Last weekend, fighting game aficionados from all over the world journeyed to Sacramento, California to meet up and throw down. The Norcal Regional Tournament brought the best from the most popular fighting games: Street Fighter V, Marvel vs. Capcom Infinite, Tekken 7, The King of Fighters XIV, Guilty Gear Xrd Rev2, and the anticipated newcomer, Dragon Ball FighterZ. For the fighting game fans who weren’t able to make the journey, no worries, we were on the floor and got all the info about the coolest parts of the event. Now that the dust has finally settled, we have a breakdown of the results, some standouts moments, and an introduction for the newcomers out there.
(TLDR of who won at the end, for you impatient readers)
HERE COMES A NEW CHALLENGER
For those new to the fighting game community, Welcome! Despite the occasionally heated competition and steep learning curve, the fighting game community is much more welcoming than most gaming communities. *cough*League of Legends *cough* Unlike team based games, fighting games focus on interactions between individual players. People learn and adapt to unique styles and strategies instead of an established meta. Gameplay is highly unpredictable and gets deeper as players progress. The steep learning curve causes players to work together to figure out each game’s hidden secrets. So, even rivals endlessly discuss mechanics, combos, and gameplans with each other. Instead of toxic rants, players talk tech. Like any tech talk, it can be hard to understand: “During footsies 214H beats out 2H and will always link to the j.M BNB, if you have the cash.” To the uninitiated it sounds like calculus got jumped in a back alley by a gang of Dungeon Masters. For new players looking to learn the bizarre lingo the Dustloop wiki is a great resource for notation and terms. For those that just want to start playing without all the studying and technical stuff, your fantasy just came true.
Fantasy Strike lessens the learning curve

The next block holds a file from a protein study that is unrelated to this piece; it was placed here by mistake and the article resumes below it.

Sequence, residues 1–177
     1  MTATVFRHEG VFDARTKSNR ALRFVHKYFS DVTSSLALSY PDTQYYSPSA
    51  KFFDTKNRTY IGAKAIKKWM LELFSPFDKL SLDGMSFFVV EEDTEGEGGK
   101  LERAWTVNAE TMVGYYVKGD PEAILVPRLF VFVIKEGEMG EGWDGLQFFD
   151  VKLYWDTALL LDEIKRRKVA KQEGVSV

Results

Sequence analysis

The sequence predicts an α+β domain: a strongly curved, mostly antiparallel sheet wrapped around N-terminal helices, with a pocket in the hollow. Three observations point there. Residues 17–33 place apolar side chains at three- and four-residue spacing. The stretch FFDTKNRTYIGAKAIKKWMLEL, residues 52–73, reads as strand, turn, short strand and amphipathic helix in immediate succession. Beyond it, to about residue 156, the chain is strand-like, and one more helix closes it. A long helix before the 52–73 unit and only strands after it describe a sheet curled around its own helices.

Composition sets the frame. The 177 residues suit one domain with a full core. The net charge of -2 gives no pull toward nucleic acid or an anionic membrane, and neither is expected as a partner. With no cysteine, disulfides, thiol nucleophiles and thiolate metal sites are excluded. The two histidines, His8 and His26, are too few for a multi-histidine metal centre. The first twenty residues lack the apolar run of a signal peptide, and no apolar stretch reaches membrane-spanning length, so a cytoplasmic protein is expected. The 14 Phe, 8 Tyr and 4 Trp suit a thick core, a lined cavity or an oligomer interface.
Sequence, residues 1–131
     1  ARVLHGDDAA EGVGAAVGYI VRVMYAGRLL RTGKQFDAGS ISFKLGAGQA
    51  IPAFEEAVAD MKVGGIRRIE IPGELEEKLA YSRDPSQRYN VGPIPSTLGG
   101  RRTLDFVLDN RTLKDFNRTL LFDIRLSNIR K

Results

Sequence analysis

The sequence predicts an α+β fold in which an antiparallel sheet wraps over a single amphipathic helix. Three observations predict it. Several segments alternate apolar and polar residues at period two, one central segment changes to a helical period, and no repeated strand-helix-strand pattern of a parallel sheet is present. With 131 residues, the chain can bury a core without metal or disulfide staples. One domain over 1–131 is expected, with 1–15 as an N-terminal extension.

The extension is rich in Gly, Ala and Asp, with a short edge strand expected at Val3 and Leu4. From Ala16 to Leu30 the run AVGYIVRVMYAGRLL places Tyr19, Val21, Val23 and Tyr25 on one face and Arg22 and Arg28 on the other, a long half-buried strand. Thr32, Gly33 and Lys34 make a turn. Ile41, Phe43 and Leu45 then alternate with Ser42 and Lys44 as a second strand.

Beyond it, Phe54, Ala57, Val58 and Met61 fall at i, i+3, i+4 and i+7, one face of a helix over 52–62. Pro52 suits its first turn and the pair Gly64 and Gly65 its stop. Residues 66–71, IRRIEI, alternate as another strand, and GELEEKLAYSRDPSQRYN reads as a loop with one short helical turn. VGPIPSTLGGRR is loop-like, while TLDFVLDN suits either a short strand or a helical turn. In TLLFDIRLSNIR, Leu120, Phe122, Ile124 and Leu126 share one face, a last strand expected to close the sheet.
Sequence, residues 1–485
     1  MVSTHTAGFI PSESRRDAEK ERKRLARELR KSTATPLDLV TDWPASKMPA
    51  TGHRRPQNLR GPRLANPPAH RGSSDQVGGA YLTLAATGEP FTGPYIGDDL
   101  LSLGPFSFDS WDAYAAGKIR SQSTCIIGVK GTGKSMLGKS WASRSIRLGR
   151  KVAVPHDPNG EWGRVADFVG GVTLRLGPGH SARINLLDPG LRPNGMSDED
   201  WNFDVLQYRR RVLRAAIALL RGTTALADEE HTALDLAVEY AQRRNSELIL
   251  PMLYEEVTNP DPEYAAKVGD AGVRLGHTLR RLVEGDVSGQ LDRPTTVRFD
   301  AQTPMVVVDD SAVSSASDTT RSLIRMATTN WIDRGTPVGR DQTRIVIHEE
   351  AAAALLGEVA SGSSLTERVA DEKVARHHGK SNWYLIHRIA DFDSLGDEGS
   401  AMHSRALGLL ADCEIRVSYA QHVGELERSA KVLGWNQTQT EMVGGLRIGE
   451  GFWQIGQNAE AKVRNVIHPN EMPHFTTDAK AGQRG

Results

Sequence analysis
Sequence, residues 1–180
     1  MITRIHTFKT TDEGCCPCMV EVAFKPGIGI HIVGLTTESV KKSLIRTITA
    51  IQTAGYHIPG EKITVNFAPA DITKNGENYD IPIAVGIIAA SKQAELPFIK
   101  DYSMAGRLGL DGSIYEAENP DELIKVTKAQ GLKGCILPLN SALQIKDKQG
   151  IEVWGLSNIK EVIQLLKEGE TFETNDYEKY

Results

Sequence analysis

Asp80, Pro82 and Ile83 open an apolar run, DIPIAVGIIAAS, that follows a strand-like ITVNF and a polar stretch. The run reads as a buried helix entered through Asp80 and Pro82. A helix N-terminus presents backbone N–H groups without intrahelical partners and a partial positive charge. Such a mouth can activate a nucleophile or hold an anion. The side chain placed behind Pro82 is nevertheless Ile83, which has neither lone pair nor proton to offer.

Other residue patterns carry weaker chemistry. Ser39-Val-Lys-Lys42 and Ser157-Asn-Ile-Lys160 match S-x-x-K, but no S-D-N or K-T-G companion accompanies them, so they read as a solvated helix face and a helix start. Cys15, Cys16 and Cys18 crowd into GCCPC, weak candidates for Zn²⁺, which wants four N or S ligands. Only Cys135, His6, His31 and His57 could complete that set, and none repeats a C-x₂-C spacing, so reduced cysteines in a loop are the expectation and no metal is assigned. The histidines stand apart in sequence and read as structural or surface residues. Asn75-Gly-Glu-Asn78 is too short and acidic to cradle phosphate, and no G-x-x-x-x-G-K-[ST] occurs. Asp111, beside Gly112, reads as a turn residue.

The Norcal Regional had the best players of their respective games, but top players from different games rarely fight each other. Mastering the characters and mechanics of each game is time-consuming, so players usually specialize specific characters or play similar games. Enter Fantasy Strike, a minimalist fighter focused on bringing players to a level playing field quickly, regardless of player background or experience. The vibrant fantasy fighter keeps each character’s move list short and sweet, down to a single page, the gameplay mechanics have a similar “back to basics” focus. If an opponent tries to throw you for example, instead of a specific button combination to escape you just release all buttons, including block. This will cause a “Yomi counter” causing your character to perform a flashy escape and respond with a throw yourself. This counter feels really fun to pull off, but it takes discipline to resist button mashing. From what we played Fantasy strike accomplishes its goal well. Competitors from Guilty Gear to Tekken could finally have a fair faceoff, without spending tons of time in practice first. New players could also battle seasoned pros without feeling overwhelmed, and matches were close. The game was very clean and felt finished, but the roster was relatively small. Fantasy Strike was well received by competitors and spectators alike, but don’t take our word for it. Fantasy strike is now available on Steam, and PS4, and you can check out the trailer here.